While this is a very useful defensive response, it’s hardly conducive to sleep.
When you deny yourself sleep, our bodies respond accordingly.
“We deliberately keep ourselves awake past the time that our bodies are telling us that we are sleepy. Not realizing that we are guilty of sleep sabotage. Evolution is simply not ready for Netflix.”
The good news is that self-sabotage is something that you can fix if you just have some self-control.
First, to tackle your impulsive over-tired brain, adopt a regular sleep schedule. Get into the habit of sleeping 7 hours per night.
Second, allow yourself wind-down time in the evening.
“Whatever you do, if you it in the same order each night, when you tune into that routine, there is a pattern recognition. The body recognizes that you are safe and secure and that you are going to unwind for bed.”
Third, develop the skill of relaxation. Whether that is meditation, yoga, exercise, breathing exercises, you should investigate and use techniques that can help you to relax, not only in the evening but all day.
2. End sleepless ignorance
Studies show that people who are sleep deprived actually believe they are just fine. She cautions,
“I suspect you are underestimating just how harmful the impact [of not getting enough sleep] is on your daily life.”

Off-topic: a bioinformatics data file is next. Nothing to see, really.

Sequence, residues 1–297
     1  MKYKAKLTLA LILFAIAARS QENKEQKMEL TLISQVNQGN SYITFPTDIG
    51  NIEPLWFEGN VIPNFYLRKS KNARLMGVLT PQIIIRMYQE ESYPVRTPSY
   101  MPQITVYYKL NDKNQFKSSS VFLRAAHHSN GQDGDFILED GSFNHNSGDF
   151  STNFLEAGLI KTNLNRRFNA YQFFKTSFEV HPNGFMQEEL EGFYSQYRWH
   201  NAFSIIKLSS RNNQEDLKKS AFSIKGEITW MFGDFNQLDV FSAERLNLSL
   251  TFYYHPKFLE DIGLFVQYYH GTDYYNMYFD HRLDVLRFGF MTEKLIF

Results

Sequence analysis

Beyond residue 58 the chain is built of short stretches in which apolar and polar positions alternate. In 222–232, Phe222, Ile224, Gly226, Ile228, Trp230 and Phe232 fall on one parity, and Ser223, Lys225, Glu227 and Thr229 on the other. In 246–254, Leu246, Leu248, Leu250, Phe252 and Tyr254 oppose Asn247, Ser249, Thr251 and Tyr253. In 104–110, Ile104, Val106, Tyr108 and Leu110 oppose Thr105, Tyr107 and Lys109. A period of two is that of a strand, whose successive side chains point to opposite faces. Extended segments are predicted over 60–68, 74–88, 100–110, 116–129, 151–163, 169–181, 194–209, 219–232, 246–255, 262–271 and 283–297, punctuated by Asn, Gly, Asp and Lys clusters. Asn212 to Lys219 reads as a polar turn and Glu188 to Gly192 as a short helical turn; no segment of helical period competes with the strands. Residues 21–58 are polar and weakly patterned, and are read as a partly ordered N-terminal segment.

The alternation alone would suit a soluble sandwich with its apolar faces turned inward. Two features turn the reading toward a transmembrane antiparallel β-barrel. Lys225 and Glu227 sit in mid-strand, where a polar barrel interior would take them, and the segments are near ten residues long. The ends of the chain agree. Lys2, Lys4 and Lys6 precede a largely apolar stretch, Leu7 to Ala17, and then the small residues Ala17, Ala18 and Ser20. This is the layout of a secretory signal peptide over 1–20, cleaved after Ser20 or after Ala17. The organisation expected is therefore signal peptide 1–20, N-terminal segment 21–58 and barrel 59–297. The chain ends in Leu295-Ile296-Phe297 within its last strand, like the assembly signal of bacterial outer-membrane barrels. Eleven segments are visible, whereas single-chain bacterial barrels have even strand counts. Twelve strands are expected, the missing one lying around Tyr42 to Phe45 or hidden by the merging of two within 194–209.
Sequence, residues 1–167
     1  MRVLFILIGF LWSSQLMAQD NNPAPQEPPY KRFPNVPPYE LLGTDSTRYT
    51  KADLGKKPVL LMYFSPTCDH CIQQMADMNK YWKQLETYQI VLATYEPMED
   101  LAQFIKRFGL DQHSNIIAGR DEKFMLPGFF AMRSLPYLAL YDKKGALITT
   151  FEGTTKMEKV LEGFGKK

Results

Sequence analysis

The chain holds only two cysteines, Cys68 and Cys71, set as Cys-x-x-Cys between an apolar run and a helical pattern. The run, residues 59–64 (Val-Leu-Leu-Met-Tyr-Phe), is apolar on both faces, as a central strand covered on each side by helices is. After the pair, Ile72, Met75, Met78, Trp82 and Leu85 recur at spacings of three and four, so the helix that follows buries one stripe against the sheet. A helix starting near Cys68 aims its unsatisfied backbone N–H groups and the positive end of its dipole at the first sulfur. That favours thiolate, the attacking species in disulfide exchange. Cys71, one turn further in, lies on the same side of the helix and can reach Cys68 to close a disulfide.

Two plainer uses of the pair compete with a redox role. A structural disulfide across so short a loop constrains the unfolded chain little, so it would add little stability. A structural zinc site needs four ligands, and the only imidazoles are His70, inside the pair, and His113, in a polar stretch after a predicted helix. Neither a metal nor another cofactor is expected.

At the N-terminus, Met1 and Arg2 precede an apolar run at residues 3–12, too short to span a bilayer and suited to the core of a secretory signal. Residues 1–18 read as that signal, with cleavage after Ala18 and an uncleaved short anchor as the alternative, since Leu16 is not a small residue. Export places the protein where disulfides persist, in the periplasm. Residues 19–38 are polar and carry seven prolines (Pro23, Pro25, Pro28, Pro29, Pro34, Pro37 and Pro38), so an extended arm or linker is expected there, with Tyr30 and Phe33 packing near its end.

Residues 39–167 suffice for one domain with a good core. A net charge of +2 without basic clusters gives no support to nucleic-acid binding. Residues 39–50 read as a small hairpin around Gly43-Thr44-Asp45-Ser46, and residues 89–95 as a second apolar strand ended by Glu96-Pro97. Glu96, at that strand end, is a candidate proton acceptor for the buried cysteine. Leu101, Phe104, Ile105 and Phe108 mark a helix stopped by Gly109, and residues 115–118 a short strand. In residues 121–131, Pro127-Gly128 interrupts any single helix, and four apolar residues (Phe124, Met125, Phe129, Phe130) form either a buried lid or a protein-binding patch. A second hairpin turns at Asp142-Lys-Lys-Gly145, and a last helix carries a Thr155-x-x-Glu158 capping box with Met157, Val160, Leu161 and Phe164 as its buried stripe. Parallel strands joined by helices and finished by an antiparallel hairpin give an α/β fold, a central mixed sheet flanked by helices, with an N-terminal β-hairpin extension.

Night after night of not enough sleep actually accumulates over time causing you to make a series of poor decisions, compounding on top of one another. What exactly is going on?
Dr. Bostock explains that studies show,
“The less sleep that you’re getting, the more likely you are to make mistakes. But what’s really significant is that this builds up every night that you are short of sleep. The effects of sleeplessness accumulate and this is what we call a ‘sleep debt’. This is something you can build up over time.”
The objective data in the study she references shows that despite losing basic cognitive abilities, the people who are getting the least sleep actually believe they have adapted, are coping, and are just fine.
Dr. Bostock explains how this ‘I’m fine’ attitude has an insidious effect on your well-being and performance,
“If you’re not sleeping terribly well and it’s having an impact on your performance, you might not remember it tomorrow. You’ll probably tell yourself that you’re going to adapt, all over again. And People can get in this cycle where they can’t actually remember what it was like to sleep well. They just tell themselves that they are coping. You’ve got to break this cycle and remember what it’s like to have a good night’s sleep.”
This ignorance is also reversible by just taking a few simple steps.
First, find your sleep window, but repay your sleep debt first. Take a vacation and allow yourself several days to fall asleep when you get tired and wake up without an alarm.
A weekend isn’t enough. Recalibrate your body and figure out how much sleep your body actually needs.
Second, once you have established your sleep window and natural wake time, try to ditch the alarm. Waking without an alarm is a good indicator that you are getting enough sleep.